But some of the problems most starkly exemplified in open systems are also being problematised as a systemic aspect of admissions. The fact that students from poorer backgrounds are not only less likely to accede to university, but also more likely to drop-out, may be due in part to the lack of appropriate ex-ante information in the admission process. Hence, the aim of increasing graduation rates is an issue for higher education systems on efficiency and quality grounds, as well as a matter of equity.
Providing better ex-ante data for potential students is an idea of the moment. As Barr shows, individuals from disadvantaged backgrounds tend to have access to less and lower quality information. This approach is being criticised as a burden on all those involved and hence defeating its purpose. Yet, seeing this lower probability of graduation for students from disadvantaged backgrounds as the outcome of throughput processes, as well as input processes, highlights the need for a mechanism which matches applicants with the degree programme that maximises their chances of graduation.
In Italy there are currently efforts being made to provide accurate ex-ante information to students to help them assess their own suitability for a specific degree and, hence, their likelihood of successful completion and graduation. This points to the expanded role which admissions systems can play as a mechanism not only for entry, but also for completion by predicting the probabilities of a student’s future academic success (also an OFFA strategy). The Italian experience of using non-selective orientation entry tests to provide students with an ex-ante assessment of their preparation for a specific course appears to have had a positive impact on reducing drop-out rates.
Open admission systems to higher education may have been attracting political attention because of the paradox coming to light that ‘open’ may not mean equitable. But the current spate of policy proposals suggests that the focus on Italy and other open systems has been effective in revealing the iceberg underneath. Students from at risk groups not only have the right to access higher education; the system should do what it can to ensure that the experience of higher education should be crowned with success.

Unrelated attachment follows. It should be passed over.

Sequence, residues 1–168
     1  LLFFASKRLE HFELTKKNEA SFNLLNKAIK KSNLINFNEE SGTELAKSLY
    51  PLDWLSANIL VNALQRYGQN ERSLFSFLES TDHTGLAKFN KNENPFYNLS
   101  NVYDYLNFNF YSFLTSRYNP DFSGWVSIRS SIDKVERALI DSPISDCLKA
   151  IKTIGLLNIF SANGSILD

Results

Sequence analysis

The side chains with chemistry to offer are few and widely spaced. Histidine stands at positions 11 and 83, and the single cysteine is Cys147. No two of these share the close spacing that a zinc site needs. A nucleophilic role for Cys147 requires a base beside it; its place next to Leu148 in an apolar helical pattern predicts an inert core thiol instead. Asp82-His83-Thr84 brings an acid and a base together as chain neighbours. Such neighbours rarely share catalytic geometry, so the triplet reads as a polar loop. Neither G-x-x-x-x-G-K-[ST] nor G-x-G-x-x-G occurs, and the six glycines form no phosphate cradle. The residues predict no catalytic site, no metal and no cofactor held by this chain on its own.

This is an opportunity for European institutions to show that they are well placed to pick up the baton. There are two dates in prospect on the policy calendar. The European Parliament’s Culture and Education Committee will be deciding before the summer whether and how it will respond to a report on these very issues. Next year it will be the Bologna ministers’ turn. Might the iceberg be starting to melt?
* The study is titled Higher Education Entrance Qualification and Exams in Europe: A Comparison (ref: IP/B/CULT/IC/2013-007) and it has been jointly implemented by LSE Enterprise and RAND Europe. The authors of this article participated in the study and gratefully acknowledge the European Parliament for allowing the use of some of the material from the study to write this article.
Note: This article gives the views of the interviewee, and not the position of the British Politics and Policy blog, nor of the London School of Economics. Please read our comments policy before posting.
Anne Corbett – LSE
Dr Anne Corbett is a former Visiting Fellow in the European Institute of the London School of Economics and Political Science. She is the author of Universities and the Europe of Knowledge: Ideas, Institutions and Policy Entrepreneurship in European Union Higher Education, 1955-2005, Basingstoke, Palgrave (2005) and a former journalist.
Niccolo Durazzi – LSE
Niccolo Durazzi is Deputy Director of LSE Consulting at LSE Enterprise. He has worked on several projects on education and social policy for European institutions, including DG Education and Culture of the European Commission, European Parliament, European Training Foundation and Eurofound.